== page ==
Brian Goetz, Java Language Architect at Oracle, gave an interesting presentation “From Concurrent to Parallel” (available on InfoQ) on the subject back in 2009. Here are the most important points of his talk.
Java 8 introduces the Stream library (which was, in Brians words, developed as a showcase for the new Java 8 language features). Just calling “.parallel()” advices the library to process the stream “in parallel”, i.e. in multiple threads.
Do you really need it?
Parallel processing is an optimization and therefore the general questions regarding optimizations have to be answered:
- Do you have any performance requirements at all (otherwise you are already fast enough)
- Do you have any means to measure the performance?
- Does the performance you measure violate the requirements?
Only if the answer to all these questions is “yes” you may take the time to investigate whether “.parallel()” will increase the performance.
Why the performance may not increase?
Compared to sequentionally processing a stream, processing it in parallel has overhead costs: splitting the data, managing the threads that will process the data and combining the results. So you may not see as much speed up as you might hope for.
Brian talks about several factors that undermine speedup.
NQ is insufficiently high
He talks about a simple model called “NQ model”. N*Q should be greater than 10.000. N is the number of data items. Q is factor that expresses how CPU-expensive the processing step is. “Summing numbers” or “finding the max of integers” is very inexpensive and Q would be near 1. More complex tasks would have higher values of Q. So if all you want is to add up numbers, you need a lot of numbers to see a performance gain.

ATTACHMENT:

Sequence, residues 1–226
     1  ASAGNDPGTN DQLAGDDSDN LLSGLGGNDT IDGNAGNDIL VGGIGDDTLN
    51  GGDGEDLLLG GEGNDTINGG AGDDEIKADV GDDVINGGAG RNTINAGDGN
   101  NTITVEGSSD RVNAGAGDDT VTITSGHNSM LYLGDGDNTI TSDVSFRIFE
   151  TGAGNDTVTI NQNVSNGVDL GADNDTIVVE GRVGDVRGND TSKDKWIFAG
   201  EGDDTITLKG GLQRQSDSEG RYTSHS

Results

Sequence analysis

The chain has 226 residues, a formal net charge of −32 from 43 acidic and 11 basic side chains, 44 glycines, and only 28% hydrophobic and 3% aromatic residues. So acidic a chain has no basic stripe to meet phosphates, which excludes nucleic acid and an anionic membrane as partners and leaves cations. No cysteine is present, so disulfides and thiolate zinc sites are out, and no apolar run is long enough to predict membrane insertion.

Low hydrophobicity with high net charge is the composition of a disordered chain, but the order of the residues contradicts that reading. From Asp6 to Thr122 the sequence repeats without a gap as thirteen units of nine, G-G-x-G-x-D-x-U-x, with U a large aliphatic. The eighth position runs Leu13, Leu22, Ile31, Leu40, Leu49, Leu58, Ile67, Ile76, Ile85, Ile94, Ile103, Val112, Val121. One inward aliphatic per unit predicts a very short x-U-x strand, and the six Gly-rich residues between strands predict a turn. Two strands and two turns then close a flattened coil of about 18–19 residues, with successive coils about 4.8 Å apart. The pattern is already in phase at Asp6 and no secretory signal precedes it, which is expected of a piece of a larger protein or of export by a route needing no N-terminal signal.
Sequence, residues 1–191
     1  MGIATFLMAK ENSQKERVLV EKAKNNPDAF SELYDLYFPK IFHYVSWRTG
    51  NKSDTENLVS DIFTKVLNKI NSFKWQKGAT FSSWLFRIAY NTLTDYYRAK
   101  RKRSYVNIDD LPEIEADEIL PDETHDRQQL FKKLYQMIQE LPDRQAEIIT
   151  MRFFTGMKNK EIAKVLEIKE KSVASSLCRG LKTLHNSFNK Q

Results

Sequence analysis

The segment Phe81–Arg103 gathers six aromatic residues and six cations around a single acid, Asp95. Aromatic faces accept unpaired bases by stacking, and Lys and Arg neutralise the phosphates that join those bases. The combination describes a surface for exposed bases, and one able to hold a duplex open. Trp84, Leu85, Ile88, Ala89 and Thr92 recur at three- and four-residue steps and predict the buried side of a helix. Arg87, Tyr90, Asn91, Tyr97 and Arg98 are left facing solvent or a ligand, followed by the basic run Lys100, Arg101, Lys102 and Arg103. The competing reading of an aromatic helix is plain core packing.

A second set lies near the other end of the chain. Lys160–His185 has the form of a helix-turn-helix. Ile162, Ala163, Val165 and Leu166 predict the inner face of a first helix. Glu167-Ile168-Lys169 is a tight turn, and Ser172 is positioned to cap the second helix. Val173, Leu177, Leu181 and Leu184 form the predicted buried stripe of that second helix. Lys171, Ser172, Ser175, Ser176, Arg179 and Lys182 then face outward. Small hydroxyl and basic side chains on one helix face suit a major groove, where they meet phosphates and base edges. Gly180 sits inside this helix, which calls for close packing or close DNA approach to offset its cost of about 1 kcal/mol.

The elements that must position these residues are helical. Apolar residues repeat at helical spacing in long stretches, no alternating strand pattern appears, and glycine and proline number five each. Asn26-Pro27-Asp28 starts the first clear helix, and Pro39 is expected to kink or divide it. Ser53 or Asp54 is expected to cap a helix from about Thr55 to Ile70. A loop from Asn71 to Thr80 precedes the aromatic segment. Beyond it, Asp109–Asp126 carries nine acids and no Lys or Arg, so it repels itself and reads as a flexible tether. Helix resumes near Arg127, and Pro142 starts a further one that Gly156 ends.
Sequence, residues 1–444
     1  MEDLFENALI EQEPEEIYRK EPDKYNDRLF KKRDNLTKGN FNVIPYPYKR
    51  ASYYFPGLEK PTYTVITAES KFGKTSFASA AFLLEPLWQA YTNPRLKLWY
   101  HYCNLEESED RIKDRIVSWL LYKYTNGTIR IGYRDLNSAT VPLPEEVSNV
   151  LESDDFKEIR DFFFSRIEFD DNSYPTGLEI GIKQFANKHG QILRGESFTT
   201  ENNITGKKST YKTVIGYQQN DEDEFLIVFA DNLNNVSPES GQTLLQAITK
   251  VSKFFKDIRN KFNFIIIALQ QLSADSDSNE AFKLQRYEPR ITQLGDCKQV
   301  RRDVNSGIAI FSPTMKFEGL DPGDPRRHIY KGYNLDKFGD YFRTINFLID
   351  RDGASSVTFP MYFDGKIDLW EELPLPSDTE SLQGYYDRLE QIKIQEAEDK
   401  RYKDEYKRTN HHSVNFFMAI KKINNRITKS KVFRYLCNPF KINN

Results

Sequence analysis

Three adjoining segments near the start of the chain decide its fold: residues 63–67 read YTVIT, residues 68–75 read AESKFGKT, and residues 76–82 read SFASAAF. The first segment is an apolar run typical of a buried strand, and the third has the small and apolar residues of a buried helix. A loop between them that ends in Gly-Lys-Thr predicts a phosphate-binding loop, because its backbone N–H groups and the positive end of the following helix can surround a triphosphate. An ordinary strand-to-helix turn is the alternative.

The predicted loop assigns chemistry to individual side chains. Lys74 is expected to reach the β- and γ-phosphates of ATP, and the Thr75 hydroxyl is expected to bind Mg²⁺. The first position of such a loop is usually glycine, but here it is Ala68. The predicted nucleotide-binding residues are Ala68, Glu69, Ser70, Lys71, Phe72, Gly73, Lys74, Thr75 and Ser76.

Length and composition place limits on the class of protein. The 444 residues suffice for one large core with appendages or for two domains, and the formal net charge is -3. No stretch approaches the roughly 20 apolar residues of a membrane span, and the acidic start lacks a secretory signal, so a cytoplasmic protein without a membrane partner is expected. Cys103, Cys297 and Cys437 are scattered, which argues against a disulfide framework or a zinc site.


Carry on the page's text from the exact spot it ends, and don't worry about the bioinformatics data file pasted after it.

Cache-miss ratio too high
If the data to be processed is saved next to each other in RAM, it will be transfered together in CPU caches. Accessing cache memory instead of main memory is very fast, so data in an array is processed much faster than data in a linked list that is spread all over the main memory. Also when the data in an array is just pointers data access will be slow. As a demonstration, Brian shows that summing up an array of (native) integers in parallel scales well with number of CPU cores. Summing up an array of Integer-objects scales very poorly because there are just pointers in the array.
The more indirections (pointers) you work with the more cache-misses will have the CPU wait for memory access.
The source is expensive to split
In order to process data in parallel, the source of the data has to be splitted in order to hand parts of the data to different CPUs. Splitting arrays is simple, splitting linked list is hard (Brian said: linked list are splitted into “first element, rest”).
Result combination cost is to high
When the result combination is the sum of numbers, that is easy to calculate. If the result is a set, and the result combination is to merge the resulting sets, this is expensive. It might be faster to sequentially add each result into one set.
Operations like “limit()”, “skip()” and “findFirst()” depend on the order of the data in the stream. This makes the pipelines using them “less exploitable” regarding parallelism. You can call “unordered()” if the order is not meaningful to you and the JVM will optimize those operations.
Mutating shared state is a big NO!
Of course you will lose performance if you have to mutate shared state and guarding access to it with locks etc.
Parallel streams are for CPU-heavy process steps
Brian mentions that parallel streams where built for CPU-heavy tasks. If you do mainly IO in the processing steps than use ThreadPools and Executors etc.
What degree of parallelism does the Stream API uses?
As stated in the Streams API documentation, the API uses one JVM wide Fork-Join-Pool with a number of threads that defaults to the number of processors on the computer system. Why? Because it is expected that a processing steps will utilize the CPU as much as possible. So there is no sense in having more threads then CPU cores.
In contrast, when having IO-heavy tasks you want to have many more threads than CPU cores because the threads will wait for IO most of the time and therefore not utilize the CPU.